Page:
Significance and Use
5.1 This test method provides a description of the behavior of material specimens under a specified fire exposure in terms of the release rate of heat and visible smoke. It is possible to determine the change in behavior of materials and products with change in heat-flux exposure by testing specimens in a series of exposures that cover a range of heat fluxes.
5.2 The data obtained for a specific test describe the rate of heat and smoke release of the specimen when exposed to the specific environmental conditions and procedures used in performing that test.
5.3 The entire exposed surface of the specimen will not be burning during the progressive involvement phase when piloted, point ignition (impingement) procedures are used. During the period of progressive surface involvement, release rates of heat and smoke are “per square metre of original exposed surface area” not “per square metre of flame involved surface.”
5.4 The rates of both heat and smoke release are calculated per square metre of original surface area exposed. If a specimen swells, sags, delaminates, or otherwise deforms so that the exposed surface area changes, calculated release rates correspond to the original area, not to the new surface area.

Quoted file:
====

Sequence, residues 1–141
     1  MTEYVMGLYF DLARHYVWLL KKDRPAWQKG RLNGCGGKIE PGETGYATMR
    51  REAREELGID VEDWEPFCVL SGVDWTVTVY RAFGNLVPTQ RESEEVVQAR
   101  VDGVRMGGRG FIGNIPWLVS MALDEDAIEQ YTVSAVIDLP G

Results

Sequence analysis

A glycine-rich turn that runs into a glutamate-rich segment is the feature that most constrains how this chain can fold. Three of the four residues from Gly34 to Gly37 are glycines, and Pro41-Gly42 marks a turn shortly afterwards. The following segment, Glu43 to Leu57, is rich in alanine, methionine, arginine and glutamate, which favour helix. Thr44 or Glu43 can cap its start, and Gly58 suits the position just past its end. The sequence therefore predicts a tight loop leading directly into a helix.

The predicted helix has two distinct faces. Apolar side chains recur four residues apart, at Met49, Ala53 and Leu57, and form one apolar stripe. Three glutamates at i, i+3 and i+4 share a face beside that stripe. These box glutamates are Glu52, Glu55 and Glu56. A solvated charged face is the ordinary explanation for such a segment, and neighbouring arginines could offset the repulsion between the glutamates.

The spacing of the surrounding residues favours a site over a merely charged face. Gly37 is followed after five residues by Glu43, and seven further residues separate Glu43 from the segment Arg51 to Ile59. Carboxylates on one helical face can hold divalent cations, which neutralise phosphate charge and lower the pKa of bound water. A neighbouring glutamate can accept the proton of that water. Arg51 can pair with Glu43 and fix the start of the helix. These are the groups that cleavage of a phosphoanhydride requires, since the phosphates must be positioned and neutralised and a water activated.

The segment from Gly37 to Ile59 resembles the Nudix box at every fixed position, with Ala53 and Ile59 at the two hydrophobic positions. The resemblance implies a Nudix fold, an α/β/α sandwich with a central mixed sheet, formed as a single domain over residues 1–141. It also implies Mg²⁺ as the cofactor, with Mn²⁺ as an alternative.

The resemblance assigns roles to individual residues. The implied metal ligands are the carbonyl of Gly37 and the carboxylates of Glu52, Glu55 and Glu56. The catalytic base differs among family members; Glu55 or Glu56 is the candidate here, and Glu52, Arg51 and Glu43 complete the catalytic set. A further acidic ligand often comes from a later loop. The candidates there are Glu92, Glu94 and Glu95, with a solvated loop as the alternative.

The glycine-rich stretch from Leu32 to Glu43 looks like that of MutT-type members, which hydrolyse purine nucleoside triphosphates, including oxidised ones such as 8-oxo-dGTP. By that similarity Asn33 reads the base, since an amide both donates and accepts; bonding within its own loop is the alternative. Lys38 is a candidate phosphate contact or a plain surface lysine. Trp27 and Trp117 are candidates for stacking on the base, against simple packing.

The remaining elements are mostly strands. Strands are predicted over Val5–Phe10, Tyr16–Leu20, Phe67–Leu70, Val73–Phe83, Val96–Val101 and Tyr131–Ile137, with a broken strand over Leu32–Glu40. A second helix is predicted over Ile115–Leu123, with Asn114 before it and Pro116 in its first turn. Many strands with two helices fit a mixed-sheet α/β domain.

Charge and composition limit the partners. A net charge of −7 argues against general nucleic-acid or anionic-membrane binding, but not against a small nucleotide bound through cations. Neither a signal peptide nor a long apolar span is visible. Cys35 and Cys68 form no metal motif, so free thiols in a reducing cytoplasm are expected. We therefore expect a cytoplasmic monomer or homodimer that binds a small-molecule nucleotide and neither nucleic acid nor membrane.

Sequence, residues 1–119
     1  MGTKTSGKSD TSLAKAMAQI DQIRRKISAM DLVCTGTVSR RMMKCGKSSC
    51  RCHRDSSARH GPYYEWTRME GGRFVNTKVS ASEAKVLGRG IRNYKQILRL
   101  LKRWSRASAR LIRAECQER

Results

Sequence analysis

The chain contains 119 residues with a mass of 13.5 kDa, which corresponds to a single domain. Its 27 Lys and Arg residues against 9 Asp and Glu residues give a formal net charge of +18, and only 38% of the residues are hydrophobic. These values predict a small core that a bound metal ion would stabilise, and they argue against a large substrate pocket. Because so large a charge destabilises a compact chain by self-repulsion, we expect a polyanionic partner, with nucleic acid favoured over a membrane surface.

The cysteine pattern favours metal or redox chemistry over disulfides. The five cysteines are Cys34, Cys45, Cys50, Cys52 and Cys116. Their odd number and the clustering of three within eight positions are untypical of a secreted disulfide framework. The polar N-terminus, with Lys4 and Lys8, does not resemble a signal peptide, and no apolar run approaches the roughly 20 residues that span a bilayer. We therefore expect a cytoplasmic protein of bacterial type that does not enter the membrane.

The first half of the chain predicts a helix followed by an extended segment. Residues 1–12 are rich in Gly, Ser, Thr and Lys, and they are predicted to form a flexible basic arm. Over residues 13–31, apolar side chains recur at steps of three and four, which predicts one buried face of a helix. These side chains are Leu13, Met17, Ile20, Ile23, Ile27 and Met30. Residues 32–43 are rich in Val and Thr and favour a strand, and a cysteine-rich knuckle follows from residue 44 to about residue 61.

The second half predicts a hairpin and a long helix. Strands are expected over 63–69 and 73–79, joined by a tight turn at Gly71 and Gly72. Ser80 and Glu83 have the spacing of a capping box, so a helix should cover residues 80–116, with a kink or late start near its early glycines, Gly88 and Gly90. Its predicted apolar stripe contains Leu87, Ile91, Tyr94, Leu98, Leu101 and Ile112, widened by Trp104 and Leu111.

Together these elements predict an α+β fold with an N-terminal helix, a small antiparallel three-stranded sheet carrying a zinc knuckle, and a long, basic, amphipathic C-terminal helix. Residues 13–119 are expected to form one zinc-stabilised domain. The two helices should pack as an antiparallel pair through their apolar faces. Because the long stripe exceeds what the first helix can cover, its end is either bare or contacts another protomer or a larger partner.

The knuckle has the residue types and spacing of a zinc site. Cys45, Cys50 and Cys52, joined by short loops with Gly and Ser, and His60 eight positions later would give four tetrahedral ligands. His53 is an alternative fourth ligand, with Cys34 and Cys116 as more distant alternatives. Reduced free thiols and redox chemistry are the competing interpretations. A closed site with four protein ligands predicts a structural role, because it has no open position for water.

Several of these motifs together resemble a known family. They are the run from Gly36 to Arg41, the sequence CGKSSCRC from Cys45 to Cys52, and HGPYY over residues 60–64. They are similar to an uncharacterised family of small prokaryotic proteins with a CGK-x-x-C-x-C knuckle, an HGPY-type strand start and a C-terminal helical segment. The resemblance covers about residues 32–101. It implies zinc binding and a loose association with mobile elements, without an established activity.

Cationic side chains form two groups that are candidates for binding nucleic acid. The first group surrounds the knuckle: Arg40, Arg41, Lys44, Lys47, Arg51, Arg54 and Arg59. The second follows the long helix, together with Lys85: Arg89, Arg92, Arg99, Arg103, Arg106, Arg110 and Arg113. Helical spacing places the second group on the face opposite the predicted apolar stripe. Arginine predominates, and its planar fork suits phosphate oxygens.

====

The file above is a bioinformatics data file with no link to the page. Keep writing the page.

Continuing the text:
5.5 Heat-release values depend on mode of ignition. Gas phase ignition gives a more dimensionally consistent measure of release rate when very rapid or immediate flame involvement of the specimen surface occurs. However, piloted, point ignition allows release-rate information to be obtained at external heat flux from zero up to that required for satisfactory gas-phase ignition, usually over 20 kW/m2 external exposure. No correlation between the two modes of piloted ignition has been established.
5.6 Release rates depend on many factors, some of which cannot be controlled. It is possible that samples that produce a surface char, a layer of adherent ash, or those that are composites or laminates do not attain a steady-state release rate. Thermally thin specimens, that is, specimens whose unexposed surface changes temperature during period of test, will not attain a steady-state release rate. Therefore, release rates for a given material will depend, for example, on how the material is used, its thickness, and the method of mounting.
5.7 Heat-release values are for the specific specimen size (exposed area) tested. Results are not directly scalable to different exposed surface areas for some products.
5.8 The method is limited to specimen sizes of materials in accordance with and to products from which it is possible to obtain a test specimen representative of the product in actual use. The test is limited to exposure of one surface; there are two options for exposure orientation: either vertical or horizontal. If a heat release rate of 8 kW, which is equivalent to 355 kW/m2 for 150 mm [6-in.] by 150 mm [6-in.] vertical specimens, or 533 kW/m2 for 100 mm [4-in.] by 150 mm [6-in.] horizontal specimens is exceeded, there is danger of combustion occurring above the stack.